A man, having fallen in love with the wrong woman, is sent by the sultan himself on a diplomatic mission to a distant land as an ambassador. Stopping at a Viking village port to restock on supplies, he finds himself unwittingly embroiled in a quest to banish a mysterious threat in a distant Viking land.
During the reign of the Vikings, Kainan, a man from a far-off world, crash lands on Earth, bringing with him an alien predator known as the Moorwen. Though both man and monster are seeking revenge for violence committed against them, Kainan leads the alliance to kill the Moorwen by fusing his advanced technology with the Viking's Iron Age weaponry.
A ruthless mercenary renounces violence after learning his soul is bound for hell. When a young girl is kidnapped and her family slain by a sorcerer's murderous cult, he is forced to fight and seek his redemption slaying evil.
Max von Sydow,
A cultured diplomat joins a band of savage warriors in time to meet an even more fearsome enemy in this historical adventure. In 922 A.D., Ibn Fadlan (Antonio Banderas) is a Muslim emissary from Baghdad en route to meet with the King of Saqaliba when he is captured by a gang of Vikings. While Ibn and his people are intelligent and well-mannered, the Vikings are a rowdy and sometimes unpleasant lot, with an unquenchable appetite for food, alcohol, and women. However, in time he develops an understanding and respect for the Viking warriors and is welcomed into their society by their leader, Buliwyf. However, Ibn must now join them as they return to their homeland once they receive word of an invasion by a huge pack of bloodthirsty invaders who will destroy and eat anything in their path -- including the flesh of the men they have killed.
Adapting "Beowulf" for his novel and then for this movie, Michael Crichton changed some of the original names for ones that sounded similar: Beowulf is here named Buliwyf, Hygelac becomes Hyglak, the Grendel transformed into the Wendol, etc. See more »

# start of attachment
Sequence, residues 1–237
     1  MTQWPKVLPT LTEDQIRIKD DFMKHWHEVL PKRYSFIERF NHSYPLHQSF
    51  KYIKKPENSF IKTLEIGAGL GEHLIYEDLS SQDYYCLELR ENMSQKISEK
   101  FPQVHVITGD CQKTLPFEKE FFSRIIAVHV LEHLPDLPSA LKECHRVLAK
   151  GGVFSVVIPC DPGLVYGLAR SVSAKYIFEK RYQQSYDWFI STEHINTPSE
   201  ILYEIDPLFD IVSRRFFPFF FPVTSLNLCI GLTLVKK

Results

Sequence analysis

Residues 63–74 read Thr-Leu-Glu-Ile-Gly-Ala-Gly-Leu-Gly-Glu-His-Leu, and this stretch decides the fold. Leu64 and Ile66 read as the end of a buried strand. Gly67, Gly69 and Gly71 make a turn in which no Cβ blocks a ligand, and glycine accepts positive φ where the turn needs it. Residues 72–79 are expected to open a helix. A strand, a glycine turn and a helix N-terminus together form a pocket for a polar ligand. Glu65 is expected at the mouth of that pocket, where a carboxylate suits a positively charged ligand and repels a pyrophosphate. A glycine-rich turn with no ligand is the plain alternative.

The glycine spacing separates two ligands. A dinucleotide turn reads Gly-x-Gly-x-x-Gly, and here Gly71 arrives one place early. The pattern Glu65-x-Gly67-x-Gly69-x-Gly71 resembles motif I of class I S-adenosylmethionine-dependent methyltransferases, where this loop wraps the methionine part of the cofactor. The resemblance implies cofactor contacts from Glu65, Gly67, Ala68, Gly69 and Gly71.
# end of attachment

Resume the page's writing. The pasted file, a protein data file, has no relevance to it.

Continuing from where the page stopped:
Buliwyf asks Ibn Fadlan to teach him "words that stay", i.e. writing. Vikings had been writing with runes in the proto-Norse language for at least a thousand years by then. See more »
My lord, this is Buliwyf, son to Hygelak, come from across the sea...
I *know* the man! *I* sent for him! Knew him as a boy and I know him now. Grown to a man. Grown to a fine, strong man.
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The original version, known as Eaters of the Dead and Directed by John McTiernan was originally 127 minutes and slated to be released in May of 1998. But when the film failed test screenings Michael Crichton took over the project and reshot and added new material to the film. He was also involved with the reediting of the film as well and rejected composer Graeme Revell's hour long score. This version of the film has not been seen publicly. See more »
I'm really wondering why there aren't making more movies like this! What is in more interesting than the history of the Scandinavian countries? What is more fascinating than the tales of Northern myths and their legendary Gods?? Well, in my personal opinion, nothing is and that's why I was so enthusiast when I first heard about this Thirteenth Warrior being released! And even though I'll admit the film is flawed on several levels, I enjoyed it very much and I'd like to encourage as much people as possible to find out more about the North men and their intriguing history. Co-producer Michael Crichton who also wrote the screenplay bases the 13th Warrior on his own `Eaters of the Dead' novel. It's a tale of a banished Arab man who joins twelve North men on a conquest against an ancient form of evil. He learns their language and becomes a warrior during the journey, he fights along against the `Wendol' These are giant bear-like men who're extremely violent and savage. The good thing about The 13th Warriors is that it contains multiple impressive battle sequences and extremely interesting characters. For example the leader of the North men - Buliwyf - who's a truly overwhelming personality. The costumes and geographical settings are breath taking and perhaps even the most succeeded aspects in the entire production. And, of course, you can't tell a Viking tale without the use of explicit violence the battles are pretty gruesome and the shed of blood is enormous. I didn't have a problem with that, though. I even love it but it might be something to keep under consideration when you have a weak stomach and you're planning to watch this film. Yet, it's only fair that I name a few of them negative elements The 13th Warrior suffers from. The largest parts of the script and especially the dialogues are very poorly written. The film also desperately tries to insert humor that is painfully unfunny and even embarrassing at times. Even the entire last battle scene may have been skipped since it's too heroic and a bit too much. Terrifically shot, though. Antonio Banderas will never be a class-A actor, neither luckily for him, the accent works out well enough in stories like this. Nonetheless, The 13th Warrior is good entertainment and the background of it is food for education! Vikings rule!!
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